The food, culture and art of New York City’s historic Harlem neighborhood is celebrated at Harlem EatUp!, an annual festival that not only highlights the vibrant community but has also brought economic growth to Harlem.
Award-winning Chef Marcus Samuelsson and Herb Karliz, president of Karlitz & Company, united three years ago to produce Harlem EatUp!. Samuelsson said they thought of two friends whom might support their endeavors: EY (No. 1 on the 2017 DiversityInc Top 50 Companies for Diversity list) and renowned Chef Daniel Boulud.
EY’s Karyn Twaronite with Chefs Daniel Boulud and Marcus Samuelsson
“EY was a friend of ours and Chef Daniel was the first chef that signed on,” he said Tuesday at a dinner hosted by the firm to kick off this year’s festival, which takes place through Sunday.
“And I tell you what, when you have a corporate partner like EY, you have a chef friend like Chef Boulud, life gets a little bit easier. So I want to say ‘Thank you.'”
Karyn Twaronite, partner and EY global diversity and inclusiveness officer, said the company was immediately receptive when presented with Samuelsson and Karliz’ idea.
“When Marcus and Herb and the team approached EY a number of years ago to be involved, right away, they had us at ‘Hello,'” Twaronite said at the dinner. “They brought the idea and we jumped in.”
Twaronite said EY U.S. Chairman and Americas Managing Partner Steve Howe wanted the company to be involved in the venture, and “we are incredibly proud” to have been connect to Harlem EatUp! “since the get go,” she said.
The festival has amplified local businesses and fostered a spirit of entrepreneurship within the community.
“Harlem EatUp!, in the number of years since Marcus and the team has been meeting this effort, has made a tremendous value to the Harlem neighborhood,” Twaronite said. “And they’ve amplified the businesses locally, including restaurants, artisans and retailers. Bringing real revenues and jobs to Harlem.Marcus has created at least 500 jobs, personally, in Harlem.”
Twaronite said EY tremendously values diversity and inclusiveness and entrepreneurship “not just for our people or for our clients, but those that are in our neighborhoods and communities as well.”
Samuelsson was born in Ethiopia in 1971. After his mother died from tuberculosis, Ann Marie and Lennart Samuelsson adopted him and his sister, Linda, in 1973, and he was raised in Sweden. His grandmother was a personal chef and helped cultivate his passion for cooking.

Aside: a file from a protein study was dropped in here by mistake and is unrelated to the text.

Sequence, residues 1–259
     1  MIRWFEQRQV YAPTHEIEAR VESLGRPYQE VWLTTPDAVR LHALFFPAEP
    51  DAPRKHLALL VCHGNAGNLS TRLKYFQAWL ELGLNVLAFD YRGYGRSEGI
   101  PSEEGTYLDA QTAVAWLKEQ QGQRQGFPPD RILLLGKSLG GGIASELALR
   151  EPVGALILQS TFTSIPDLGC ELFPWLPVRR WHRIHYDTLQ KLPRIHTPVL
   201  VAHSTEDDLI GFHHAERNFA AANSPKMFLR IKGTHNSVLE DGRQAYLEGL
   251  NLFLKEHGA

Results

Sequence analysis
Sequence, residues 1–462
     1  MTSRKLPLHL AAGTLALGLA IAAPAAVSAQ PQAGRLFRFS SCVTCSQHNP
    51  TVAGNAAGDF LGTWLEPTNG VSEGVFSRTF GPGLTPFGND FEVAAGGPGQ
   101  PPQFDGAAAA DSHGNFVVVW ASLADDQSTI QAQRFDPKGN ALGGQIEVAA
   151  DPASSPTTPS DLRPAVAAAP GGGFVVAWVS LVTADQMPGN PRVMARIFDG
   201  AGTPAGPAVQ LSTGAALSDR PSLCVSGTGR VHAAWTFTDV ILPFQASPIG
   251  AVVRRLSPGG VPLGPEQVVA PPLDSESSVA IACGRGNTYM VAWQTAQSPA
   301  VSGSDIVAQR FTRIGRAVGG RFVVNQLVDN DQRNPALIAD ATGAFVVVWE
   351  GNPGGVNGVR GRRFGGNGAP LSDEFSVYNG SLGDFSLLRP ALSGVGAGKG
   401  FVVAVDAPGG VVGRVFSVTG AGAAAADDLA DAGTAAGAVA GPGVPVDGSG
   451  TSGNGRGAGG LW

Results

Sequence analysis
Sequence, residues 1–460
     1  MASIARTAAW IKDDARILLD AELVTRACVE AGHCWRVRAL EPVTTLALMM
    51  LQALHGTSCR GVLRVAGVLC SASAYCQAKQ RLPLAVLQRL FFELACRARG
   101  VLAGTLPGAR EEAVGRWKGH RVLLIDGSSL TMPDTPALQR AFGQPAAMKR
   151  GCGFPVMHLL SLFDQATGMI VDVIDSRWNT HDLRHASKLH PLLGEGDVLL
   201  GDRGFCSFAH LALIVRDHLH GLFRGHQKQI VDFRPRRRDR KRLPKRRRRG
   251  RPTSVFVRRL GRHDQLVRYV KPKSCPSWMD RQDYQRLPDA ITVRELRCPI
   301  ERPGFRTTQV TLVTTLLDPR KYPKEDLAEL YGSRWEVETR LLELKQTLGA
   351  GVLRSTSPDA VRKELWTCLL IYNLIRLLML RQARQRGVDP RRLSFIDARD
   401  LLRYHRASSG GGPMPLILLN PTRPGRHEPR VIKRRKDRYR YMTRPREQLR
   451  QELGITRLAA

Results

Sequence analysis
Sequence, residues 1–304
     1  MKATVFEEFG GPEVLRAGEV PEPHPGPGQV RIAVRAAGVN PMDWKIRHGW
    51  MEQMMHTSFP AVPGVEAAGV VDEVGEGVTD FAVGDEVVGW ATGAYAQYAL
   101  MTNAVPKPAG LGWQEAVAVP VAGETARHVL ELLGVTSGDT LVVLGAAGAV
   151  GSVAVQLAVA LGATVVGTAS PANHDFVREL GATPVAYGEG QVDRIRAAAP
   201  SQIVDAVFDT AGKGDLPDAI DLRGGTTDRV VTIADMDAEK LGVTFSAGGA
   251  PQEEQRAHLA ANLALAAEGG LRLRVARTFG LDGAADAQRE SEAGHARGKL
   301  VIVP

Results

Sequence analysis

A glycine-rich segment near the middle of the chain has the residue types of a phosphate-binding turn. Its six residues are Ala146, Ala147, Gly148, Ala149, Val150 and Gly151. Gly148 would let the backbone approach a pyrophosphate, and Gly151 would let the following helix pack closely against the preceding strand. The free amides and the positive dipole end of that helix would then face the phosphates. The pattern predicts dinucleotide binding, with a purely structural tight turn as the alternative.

In 1995, as the chef of the Scandinavian restaurant Aquavit in Manhattan, Samuelsson earned a three-star rating from The New York Times at the age of 23. He is also a New York Times best-selling author and an international restaurateur, and is known as a celebrity chef for his television appearances.
His restaurants in Harlem Ginny’s Supper Club, Red Rooster Harlem and Streetbird Rotisserie not only offer culinary delights, but have also become staples within the community.
EY’s dinner on Tuesday for its colleagues and partners who support entrepreneurship was held at Ginny’s Supper Club and featured a four-course meal of signature specialties. Local musicians also performed, celebrating the spirit and talent of the neighborhood.
Samuelsson is a resident of Harlem himself, and he talked about his aspirations for success when coming to the United States as an immigrant.
“You come to America with this idea of ‘you have a shot, ‘you have a chance,'” he said.
But before settling in America, Samuelsson said he got his start through an internship at a restaurant close to where Chef Boulud grew up. Boulud, originally from Lyon, France, has lived in the U.S. since 1982 and is widely celebrated as one of America’s leading culinary authorities.
His Michelin-starred flagship, Daniel, and properties across the globe, reflect his signature of bringing a contemporary feel to dishes rooted in the French tradition.
Samuelsson said Boulud has been a mentor to him. And Boulud said that Samuelsson, in turn, serves as a mentor for community members.
“Marcus has been such an inspiration in New York, and in the dining scene in America, but [especially] in New York in his own neighborhood to have raised the bar so high and give so much.”
“For you, from Ethiopia, and then growing up in Sweden, I think you inspire a lot of people to become one day Marcus themselves,” Boulud said to Samuelsson.
Both chefs support causes that give back to the community. The net proceeds from the ticket sales of Harlem EatUp! will benefit two non-profit organizations: Citymeals-on-Wheels and Harlem Park to Park.
“Thank you Karyn and EY for supporting Marcus’ and Herb’s dream to do Harlem EatUp! three years ago,” Boulud said. “Tonight, it’s about friendship and it’s about dreaming to make Harlem EatUp! one of the best festivals in America.”